The origins of my desire to become an academic lay largely outside the classroom. It was my passion and work with student of color organizations during my college years and in local communities as well as in the Washington, DC that pushed me towards sociology and ethnic studies as a framework to understand the structural and institutional contexts shaping my experiences and the events unfolding around me. My academic endeavors provided knowledge on the historical and institutional constraints shaping society, but my community work revealed the social inequities that were not always taught in classes.
From both my educational and teaching backgrounds, I have experienced a broad array of academic institutions. Born and raised in Orange County, CA, I graduated from a large public high school and then moved clear across the county to earn my bachelors degree in Engineering, Japanese, and International Relations from the University of Pennsylvania in Philadelphia. After a brief stint as a consultant for IBM in New York City, I returned to California to earn my MA in Asian American Studies from San Francisco State University and its historic School of Ethnic Studies. I ultimately earned an MA in Demographic and Social Analysis and PhD in Sociology with graduate certificates in Asian American Studies and Chicano/Latino Studies from the University of California, Irvine before joining the faculty here at CSU Stanislaus. As an educator, I have had the privilege of teaching at an equally diverse set of campuses: University of California, Irvine; California State Polytechnic University, Pomona; and Pomona College. Beyond my education and teaching experience, I also bring to campus my experience working in our nation’s capital as a legislative staffer for Congressman Mike Honda. This experience solidified my interest in building scholarship that bridges the academy with community issues and policy makers.
My research interests focus on the sociologies of international migration, race/ethnicity, and politics. In particular, I am interested in the continuing role of race in internal and external negotiations of boundary making. While my work tends to focus on Asian American communities, I have a broad interest in racial and ethnic dynamics across groups and leverage an intersectional perspective to incorporate class, gender, and sexuality into my work.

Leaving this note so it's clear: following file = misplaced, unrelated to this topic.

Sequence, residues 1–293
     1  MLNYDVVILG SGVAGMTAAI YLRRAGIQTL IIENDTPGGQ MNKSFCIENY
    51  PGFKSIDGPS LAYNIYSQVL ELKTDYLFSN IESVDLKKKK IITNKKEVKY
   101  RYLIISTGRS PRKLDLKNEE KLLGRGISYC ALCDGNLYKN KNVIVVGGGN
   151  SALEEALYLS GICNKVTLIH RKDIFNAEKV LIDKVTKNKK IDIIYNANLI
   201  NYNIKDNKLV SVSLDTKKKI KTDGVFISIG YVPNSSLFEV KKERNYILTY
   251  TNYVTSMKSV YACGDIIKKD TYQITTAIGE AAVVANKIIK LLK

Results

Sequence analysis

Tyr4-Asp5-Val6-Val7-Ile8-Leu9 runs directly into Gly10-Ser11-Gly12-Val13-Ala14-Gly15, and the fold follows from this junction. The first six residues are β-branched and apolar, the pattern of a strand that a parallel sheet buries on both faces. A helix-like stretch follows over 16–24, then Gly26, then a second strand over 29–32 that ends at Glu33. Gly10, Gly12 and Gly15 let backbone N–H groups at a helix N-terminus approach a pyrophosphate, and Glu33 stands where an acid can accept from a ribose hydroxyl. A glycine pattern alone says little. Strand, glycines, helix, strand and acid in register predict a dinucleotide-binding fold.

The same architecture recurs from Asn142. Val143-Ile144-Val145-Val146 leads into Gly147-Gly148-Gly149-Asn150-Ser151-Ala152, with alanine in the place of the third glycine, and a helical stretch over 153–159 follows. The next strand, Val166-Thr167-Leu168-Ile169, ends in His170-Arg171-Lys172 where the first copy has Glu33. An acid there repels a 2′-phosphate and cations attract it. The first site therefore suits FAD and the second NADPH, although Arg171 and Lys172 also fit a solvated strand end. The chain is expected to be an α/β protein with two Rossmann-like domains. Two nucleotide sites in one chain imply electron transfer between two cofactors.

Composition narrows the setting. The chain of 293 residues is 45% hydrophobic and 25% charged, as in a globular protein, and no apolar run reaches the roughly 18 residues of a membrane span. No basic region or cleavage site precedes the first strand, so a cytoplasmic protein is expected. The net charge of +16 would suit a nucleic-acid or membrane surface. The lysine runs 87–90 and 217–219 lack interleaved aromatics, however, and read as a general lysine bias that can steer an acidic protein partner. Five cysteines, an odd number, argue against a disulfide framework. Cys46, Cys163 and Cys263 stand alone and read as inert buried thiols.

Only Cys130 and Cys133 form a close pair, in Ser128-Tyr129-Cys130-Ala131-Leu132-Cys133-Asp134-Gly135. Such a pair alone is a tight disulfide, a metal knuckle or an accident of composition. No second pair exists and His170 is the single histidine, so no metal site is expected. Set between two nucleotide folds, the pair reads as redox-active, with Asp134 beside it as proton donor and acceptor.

In my teaching, I pull from my diverse experiences, as well as those of the students themselves, in order to bring to life the scholarly material introduced in course readings and lecture. I ask students to unpack their “invisible knapsack” of privilege and question hegemonic structures and taken for granted assumptions as they inspect social issues. The collection of these diverse experiences grounds my deep commitment to academia, both as an educator and a researcher, and to be part of a transformational project toward a more critical sociology.
- Ph.D. Sociology, University of California, Irvine (2014)
- M.A. Demographic and Social Analysis, University of California, Irvine (2010)
- M.A. Asian American Studies, San Francisco State University (2007)
- B.A.S. Engineering, University of Pennsylvania (2004)
- B.A. International Relations & Japan Studies, University of Pennsylvania (2004)
Research and Teaching Interests:
- Race/Ethnicity, International Migration, Political Sociology/Social Movements, Asian Americans, Research Methods, Intersectionality, Queer Theory
- SOCL 3000 - Classical Sociological Theory
- SOCL 3030 - Research Methods
- American Sociological Association
- Pacific Sociological Association
- Association of Asian American Studies
Building Location: Bizzini Hall
See Building #2: Map
Office Location: C-213G
Phone: (209) 667-3512